Press Association Norwich won for just a second time in 17 Barclays Premier League games to enhance their survival claims with a 2-1 win to all but condemn Reading to relegation. The Canaries responded to vociferous support, with Elliott Bennett – one of two changes following the loss at Arsenal – twice shooting narrowly off target in the opening skirmishes. Michael Turner had to be replaced in defence by Ryan Bennett, but Reading tested the hosts too little and too infrequently in the opening half an hour. A McCleary cross had Norwich in trouble inside their own six-yard box, but Sebastien Bassong, bruised from an earlier encounter with Pogrebnyak, managed to do enough to put off the Russian, who scooped the ball over. Alex McCarthy denied Kei Kamara four minutes into the second half, stretching to turn away a left-footed shot from an angle and from the subsequent corner Norwich went in front. The Reading goalkeeper saved Grant Holt’s header from Robert Snodgrass’ set-piece, but the ball fell for Ryan Bennett, who took one touch and swept it in left-footed for his first Norwich goal. A second was almost immediate as McCarthy was caught in no-man’s land trying to reach a Snodgrass cross and Elliott Bennett shot through his legs and into the net. Norwich kept up the pressure and Holt headed over from another set-piece by Snodgrass, whose shot then was punched over by McCarthy. The Reading goalkeeper saved Kamara’s header from the resulting corner as Norwich continued playing with energy. Out of nothing, Reading pulled a goal back with 18 minutes remaining. McCleary was allowed to run at the Norwich defence and he hit a 25-yard swerving left-foot shot which Mark Bunn got a hand to but could not prevent going in. Pavel Pogrebnyak’s close-range miss at the end of the first half was punished when Ryan Bennett and Elliott Bennett scored within three minutes of each other after the restart as the Canaries climbed to 13th, seven points clear of 18th-placed Wigan. Garath McCleary pulled a goal back after 72 minutes, but, 10 points adrift with 12 to play for, Reading’s one-season sojourn in the top flight appears to be coming to an end.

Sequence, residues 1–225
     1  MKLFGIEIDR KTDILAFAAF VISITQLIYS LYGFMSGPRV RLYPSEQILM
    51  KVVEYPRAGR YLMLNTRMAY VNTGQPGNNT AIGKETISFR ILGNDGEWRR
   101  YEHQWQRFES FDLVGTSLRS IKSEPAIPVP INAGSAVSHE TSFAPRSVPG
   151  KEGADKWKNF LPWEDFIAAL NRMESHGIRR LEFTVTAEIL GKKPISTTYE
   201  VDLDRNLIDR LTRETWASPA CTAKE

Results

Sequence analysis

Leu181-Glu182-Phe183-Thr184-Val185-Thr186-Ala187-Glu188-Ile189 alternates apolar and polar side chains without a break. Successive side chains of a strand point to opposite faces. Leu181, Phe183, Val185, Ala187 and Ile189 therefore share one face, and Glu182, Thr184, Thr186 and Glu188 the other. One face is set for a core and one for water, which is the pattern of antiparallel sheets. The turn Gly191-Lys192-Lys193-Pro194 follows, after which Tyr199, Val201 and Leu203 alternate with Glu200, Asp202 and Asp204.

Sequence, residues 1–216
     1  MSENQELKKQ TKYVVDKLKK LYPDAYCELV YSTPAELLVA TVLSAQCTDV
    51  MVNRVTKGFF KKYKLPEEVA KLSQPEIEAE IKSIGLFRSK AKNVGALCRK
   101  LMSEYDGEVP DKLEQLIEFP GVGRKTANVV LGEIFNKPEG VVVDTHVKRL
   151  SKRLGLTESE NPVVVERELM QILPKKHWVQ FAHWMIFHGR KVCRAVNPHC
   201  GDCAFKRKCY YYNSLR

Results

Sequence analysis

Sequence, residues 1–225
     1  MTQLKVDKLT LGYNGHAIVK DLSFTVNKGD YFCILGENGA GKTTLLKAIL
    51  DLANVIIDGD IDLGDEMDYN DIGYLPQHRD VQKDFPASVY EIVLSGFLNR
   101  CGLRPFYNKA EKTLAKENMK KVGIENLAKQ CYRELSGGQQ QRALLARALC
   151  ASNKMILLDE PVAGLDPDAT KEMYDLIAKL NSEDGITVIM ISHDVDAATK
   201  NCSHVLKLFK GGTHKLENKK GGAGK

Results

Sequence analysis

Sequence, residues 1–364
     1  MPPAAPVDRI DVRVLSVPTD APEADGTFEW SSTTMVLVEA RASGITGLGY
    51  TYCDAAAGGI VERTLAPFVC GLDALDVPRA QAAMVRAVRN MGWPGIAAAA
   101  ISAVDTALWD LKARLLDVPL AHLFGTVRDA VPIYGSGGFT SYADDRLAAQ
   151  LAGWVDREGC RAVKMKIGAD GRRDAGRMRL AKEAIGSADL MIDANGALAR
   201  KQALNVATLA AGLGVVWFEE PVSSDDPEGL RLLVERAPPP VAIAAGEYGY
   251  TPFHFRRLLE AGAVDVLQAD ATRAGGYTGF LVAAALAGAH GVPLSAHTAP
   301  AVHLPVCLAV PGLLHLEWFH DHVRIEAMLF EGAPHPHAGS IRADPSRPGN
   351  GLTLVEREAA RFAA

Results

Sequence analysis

Billy Vela, the director of La CASA, said the floor also welcomes residents who don’t identify as Hispanic or Latinx as long as they’re willing to learn about new cultures. “There is a deep sense of culture,” said Ernesto Ortiz Zamora, a freshman majoring in mechanical engineering. “I feel like we all have this open-door policy where we can really talk to one another.” This lively environment is reflective of the residents themselves, who constantly visit one another’s rooms and embrace the Latin sense of community. However, for most, El Sol y La Luna helps build a sense of community for its residents. Roman Rodriguez, a freshman majoring in architecture, said living on the floor has allowed him to reconnect with his Latino heritage through weekly meetings, hangouts and talks. Rodriguez, who grew up in a military family and moved frequently, said he often felt cut off from his culture. Reds, blues and yellows line the hallways of the sixth floor of Fluor Tower Residential College, adorned with paintings of suns and moons done in the style of Mexican folk artists. From behind the doors of a few rooms peek Latin American flags and small trinkets. The space is home to El Sol y La Luna, a residential community dedicated solely to Latinx culture at USC that helps soften the transition to college for the small number of Latinx students attending the University. “It’s nice to go home and feel at home,” Arias said. “For me it was the opposite … I grew up speaking Spanish, it was my first language and I wanted to find that same family here,” Castillo said. Senior Director for Residential Education Emily Sandoval said these spaces create a community for students to connect with one another, learn about their identities and form relationships that will help them succeed during college. Freshman computer engineering and computer science major Nick Imig, who is not Latino, was randomly assigned to El Sol y La Luna . Other residents, like Selene Castillo, a freshman majoring in international relations, wanted to continue to feel connected to their heritage back home by finding a same similar of community at USC. “Even though we aren’t Latinos, they always try to include [me and my suitemates] in all their events,” he said. “They want us to be immersed in their culture too. Just the other night, one of them had their mom bringing us flan.” But the floor does much more for its residents than simply help them find their niche. El Sol y La Luna collaborates frequently with La CASA, a Latinx organization on campus. Jennifer Arias, a freshman majoring in theater on the floor’s executive board, said they plan group outings to attend events on campus. Earlier this month, they coordinated an outing to a campus event that hosted John Leguizamo, a well-known Latino actor. La CASA also plans events for holidays like Día de los Muertos. “I came across [El Sol y La Luna] when I was looking for housing options; I heard that there was a Latino floor, and I thought that was a good way for me to come back to the culture,” he said. “I didn’t grow up speaking Spanish, but most people here do at least understand it.” El Sol y la Luna, the Latinx floor in Fluor Tower, also welcomes students who don’t identify as Latinx or Hispanic to live on the floor and learn about the culture through events and experiences with their fellow residents. (Andrea Diaz | Daily Trojan) Imig’s suitemate, Carlos Casillas, identifies as Latino but said he didn’t choose to live on the Latinx floor — he was also randomly assigned. Casillas, a freshman majoring in philosophy, politics & law, said he thinks residential communities can be isolating and limit students to one group of potential friends. “Starting college can be challenging for many students, but having a place to live where students can create a sense of family — having similar traditions and cultural backgrounds — can soften the experience,” Sandoval said. Sandoval also acknowledged that according to USC, the Latinx community only made up 15% of the student body in Fall 2018. Sandoval said that for that reason, these spaces are necessary to help students find and connect with one another and connect. Freshmen residents Selene Castillo and Vanessa Nuñez study in the lounge of El Sol y La Luna, a Latinx floor in Fluor Tower that brings together Latinx students and others wanting to learn more about Latinx culture to build a community. (Andrea Diaz | Daily Trojan) “The floor has also had non-Latinx members throughout the years, and the same goal [to successfully transition to USC] was set for them because all students living on the floor should feel like they belong by community connections being made on the floor,” Vela wrote in an email. Andrea Diaz, the residential assistant for El Sol y La Luna, is the photo editor for the Daily Trojan.